Pervious Pavement Designs to Control Urban Flooding and Pollution
May 2014 - March 2015
Urban flooding following intense rainfall can be partly managed by the installation of water management infrastructure including Sustainable Drainage Systems (SuDS). Coventry University is a worldwide centre of excellence in the design, testing and impact assessment of novel drainage infrastructure. In this project, Marshalls, the UK’s leader in hard engineered SuDS, asked the CAWR water research team to investigate new designs for permeable paving that improved performance in terms of flood management and water quality. New designs under test included a bespoke geotextile for water purification and a Coventry University patented barrier design to absorb additional flood water and treat oil pollution.
The research team worked with Marshalls to design, construct and commission the permeable pavement models at Marshalls Marketing Support Unit in Halifax, Yorkshire, UK. The models represented a credible simulation of field conditions, being of sufficient size to be representative of a real permeable pavement, but with a controllable simulation of environmental conditions as the models were located within the CAWR Water Lab at the University. The models were around a cubic metre in volume and weighed around a tonne each. As there were 13 of the models, it was a considerable logistical undertaking to transport them 140 miles to Coventry University and position them in the laboratory.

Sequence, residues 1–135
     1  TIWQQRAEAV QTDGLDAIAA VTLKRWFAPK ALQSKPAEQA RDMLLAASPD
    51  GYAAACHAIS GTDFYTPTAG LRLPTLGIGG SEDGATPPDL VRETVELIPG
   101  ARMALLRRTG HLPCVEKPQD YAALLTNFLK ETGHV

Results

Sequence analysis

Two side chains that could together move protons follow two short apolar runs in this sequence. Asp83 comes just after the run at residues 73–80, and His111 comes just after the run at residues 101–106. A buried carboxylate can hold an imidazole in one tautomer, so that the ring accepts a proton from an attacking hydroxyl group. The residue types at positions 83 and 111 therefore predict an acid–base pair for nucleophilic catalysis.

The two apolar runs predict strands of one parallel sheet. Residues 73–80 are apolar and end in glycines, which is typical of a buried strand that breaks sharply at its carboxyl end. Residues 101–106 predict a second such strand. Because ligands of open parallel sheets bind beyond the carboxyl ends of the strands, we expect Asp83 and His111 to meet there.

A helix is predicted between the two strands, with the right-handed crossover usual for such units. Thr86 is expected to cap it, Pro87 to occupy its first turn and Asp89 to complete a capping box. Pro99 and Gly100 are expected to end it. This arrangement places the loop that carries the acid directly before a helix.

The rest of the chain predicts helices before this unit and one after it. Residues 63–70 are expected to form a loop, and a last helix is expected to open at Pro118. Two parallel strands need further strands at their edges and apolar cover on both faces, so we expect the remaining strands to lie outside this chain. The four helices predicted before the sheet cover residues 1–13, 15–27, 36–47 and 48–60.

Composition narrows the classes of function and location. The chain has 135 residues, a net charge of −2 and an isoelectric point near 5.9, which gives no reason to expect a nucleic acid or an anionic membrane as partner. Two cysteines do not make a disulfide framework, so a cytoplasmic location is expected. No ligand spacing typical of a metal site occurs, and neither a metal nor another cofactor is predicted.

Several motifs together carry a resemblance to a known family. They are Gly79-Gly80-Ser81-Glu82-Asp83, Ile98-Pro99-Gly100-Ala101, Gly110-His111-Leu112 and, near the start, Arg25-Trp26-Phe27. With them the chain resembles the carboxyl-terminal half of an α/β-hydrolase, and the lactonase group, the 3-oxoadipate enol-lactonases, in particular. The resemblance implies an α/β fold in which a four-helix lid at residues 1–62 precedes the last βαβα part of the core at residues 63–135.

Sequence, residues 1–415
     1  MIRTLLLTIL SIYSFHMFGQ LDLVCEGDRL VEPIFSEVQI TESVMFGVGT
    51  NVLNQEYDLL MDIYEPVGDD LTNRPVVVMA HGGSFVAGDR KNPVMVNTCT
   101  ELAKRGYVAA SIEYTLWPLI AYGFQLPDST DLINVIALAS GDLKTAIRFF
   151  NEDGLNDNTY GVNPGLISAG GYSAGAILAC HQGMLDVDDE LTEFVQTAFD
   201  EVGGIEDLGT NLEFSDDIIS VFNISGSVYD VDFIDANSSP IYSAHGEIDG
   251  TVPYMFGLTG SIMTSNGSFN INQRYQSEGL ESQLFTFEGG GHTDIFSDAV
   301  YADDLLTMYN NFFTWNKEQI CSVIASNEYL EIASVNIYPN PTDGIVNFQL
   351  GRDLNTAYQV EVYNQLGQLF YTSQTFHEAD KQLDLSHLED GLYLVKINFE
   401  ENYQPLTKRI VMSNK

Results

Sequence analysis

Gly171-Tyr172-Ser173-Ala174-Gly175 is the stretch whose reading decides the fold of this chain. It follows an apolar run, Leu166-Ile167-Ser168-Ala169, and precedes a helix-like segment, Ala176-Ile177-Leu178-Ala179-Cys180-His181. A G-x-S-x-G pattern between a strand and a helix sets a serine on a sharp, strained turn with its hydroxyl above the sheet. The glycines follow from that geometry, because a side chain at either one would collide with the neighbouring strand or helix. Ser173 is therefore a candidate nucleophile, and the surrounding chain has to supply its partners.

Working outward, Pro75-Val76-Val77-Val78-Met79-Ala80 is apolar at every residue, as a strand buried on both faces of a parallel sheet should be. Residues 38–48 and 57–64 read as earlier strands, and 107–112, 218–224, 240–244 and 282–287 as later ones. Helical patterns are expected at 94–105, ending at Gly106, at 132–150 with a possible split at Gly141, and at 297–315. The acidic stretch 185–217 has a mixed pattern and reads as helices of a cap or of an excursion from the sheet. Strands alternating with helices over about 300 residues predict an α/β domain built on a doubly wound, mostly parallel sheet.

Research is ongoing, but pilot results showed that the new geotextile design and the new Coventry University design worked well as a filtration media when compared with no barrier layer. The concentration of dissolved metals including zinc, lead, aluminium, copper and cadmium in water discharged from the model systems was lower in the presence of the new barrier layers relative to the current standard design. Both the total volume of discharged water and the rate of discharge were improved with the use of the new CU barrier as an absorbent medium.
It was demonstrated by microbiological investigation, that bacteria fungi and other microbes were growing in abundance within the models and reducing the level of oil contamination, reducing the risk of pollution from discharge.
This research is in the forefront of the optimisation of urban drainage infrastructure, to improve the resilience of urban environments against future flood events and potentially a more extreme climate.
For more information on this project please contact Dr Steve Coupe
(l-r) Chris Griffiths of Marshalls, with Steve Coupe,
Dr Luis Sañudo Fontaneda and Ann-Marie McLaughlin of CAWR